When I was in Stockholm this past Fall I mentioned here on decor8 that I continuously found quality fabric that wasn’t to the trade only as the Swedes believe that good design should be available to all, with or without a designer. As I investigated this further by researching how to the trade works in other countries, I found that most don’t have such a thing, that to the trade just may be uniquely a North American thing — I think they do this in Canada but maybe my Canadian readers know better and can leave your thoughts here.
that you can have access to with a designer.
This leads me to telling you about L.A. Design Concepts and you’ll see why in a moment. I’ve been in conversation with Frank, owner of L.A. Design Concepts, because he contacted me via email and I had to get on the phone and learn more about the services his company provides. When he first wrote in stating that he has the first company of its kind offering national access to designer furniture without having to hire an interior designer, I was a bit skeptical. Now I’m a believer as this really does open up good design to all in a sense, of course with a fee.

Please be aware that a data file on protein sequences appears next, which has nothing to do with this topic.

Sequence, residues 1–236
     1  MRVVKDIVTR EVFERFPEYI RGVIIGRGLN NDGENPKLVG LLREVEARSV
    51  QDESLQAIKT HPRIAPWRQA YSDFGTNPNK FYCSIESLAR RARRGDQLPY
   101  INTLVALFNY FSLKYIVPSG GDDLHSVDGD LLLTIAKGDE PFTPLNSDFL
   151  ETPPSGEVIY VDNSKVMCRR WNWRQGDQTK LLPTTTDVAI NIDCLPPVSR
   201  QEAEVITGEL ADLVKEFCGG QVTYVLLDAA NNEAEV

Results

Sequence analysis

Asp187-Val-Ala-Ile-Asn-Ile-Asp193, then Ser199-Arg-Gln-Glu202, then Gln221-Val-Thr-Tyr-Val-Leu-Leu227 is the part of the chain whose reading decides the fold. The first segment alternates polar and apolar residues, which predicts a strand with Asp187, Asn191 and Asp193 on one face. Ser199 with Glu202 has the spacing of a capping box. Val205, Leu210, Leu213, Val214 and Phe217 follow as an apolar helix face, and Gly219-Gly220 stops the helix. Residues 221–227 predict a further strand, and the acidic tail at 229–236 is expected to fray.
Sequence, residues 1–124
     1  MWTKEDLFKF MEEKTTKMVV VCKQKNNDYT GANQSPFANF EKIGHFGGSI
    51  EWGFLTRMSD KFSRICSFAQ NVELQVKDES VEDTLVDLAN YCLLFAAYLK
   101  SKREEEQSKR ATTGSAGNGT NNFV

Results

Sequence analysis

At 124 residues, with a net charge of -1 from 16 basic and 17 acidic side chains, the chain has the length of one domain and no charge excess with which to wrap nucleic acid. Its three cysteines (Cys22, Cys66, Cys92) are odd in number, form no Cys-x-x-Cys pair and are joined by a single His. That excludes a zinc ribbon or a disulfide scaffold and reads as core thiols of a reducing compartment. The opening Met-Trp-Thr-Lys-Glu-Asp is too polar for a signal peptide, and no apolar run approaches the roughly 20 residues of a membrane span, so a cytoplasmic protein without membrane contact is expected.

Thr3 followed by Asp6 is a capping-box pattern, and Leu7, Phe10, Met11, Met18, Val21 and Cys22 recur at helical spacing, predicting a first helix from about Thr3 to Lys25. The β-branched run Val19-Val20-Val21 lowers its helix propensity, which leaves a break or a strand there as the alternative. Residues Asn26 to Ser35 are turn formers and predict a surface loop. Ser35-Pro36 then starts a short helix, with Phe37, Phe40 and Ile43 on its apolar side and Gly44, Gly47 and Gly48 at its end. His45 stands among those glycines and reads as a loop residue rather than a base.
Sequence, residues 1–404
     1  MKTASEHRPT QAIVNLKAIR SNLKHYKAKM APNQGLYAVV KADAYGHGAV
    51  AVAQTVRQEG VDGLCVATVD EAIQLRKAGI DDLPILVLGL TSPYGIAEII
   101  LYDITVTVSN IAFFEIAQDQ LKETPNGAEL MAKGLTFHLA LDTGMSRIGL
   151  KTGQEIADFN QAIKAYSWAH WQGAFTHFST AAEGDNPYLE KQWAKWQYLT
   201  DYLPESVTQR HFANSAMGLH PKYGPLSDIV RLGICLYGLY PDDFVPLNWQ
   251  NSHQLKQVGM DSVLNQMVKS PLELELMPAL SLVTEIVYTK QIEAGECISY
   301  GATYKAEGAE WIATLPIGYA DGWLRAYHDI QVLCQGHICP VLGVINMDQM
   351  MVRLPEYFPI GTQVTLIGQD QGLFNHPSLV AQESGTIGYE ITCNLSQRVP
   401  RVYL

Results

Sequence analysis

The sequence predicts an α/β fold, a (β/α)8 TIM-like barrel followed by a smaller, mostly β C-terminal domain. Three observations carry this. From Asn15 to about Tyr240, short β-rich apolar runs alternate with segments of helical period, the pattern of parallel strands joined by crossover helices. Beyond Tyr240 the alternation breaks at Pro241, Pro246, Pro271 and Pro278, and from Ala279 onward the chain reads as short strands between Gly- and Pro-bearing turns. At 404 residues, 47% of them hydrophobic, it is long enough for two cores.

To sum up our conversation, L.A. Design Concepts offers direct access to design centers throughout the United States and via their website to over 300 to the trade only manufacturers — all without having to hiring a designer to work with you. In other words, anyone can get in on so many products you crave that you couldn’t purchase otherwise from either the convenience of home or they offer a letter of introduction where consumers can shop any design center in the nation without having an interior designer present.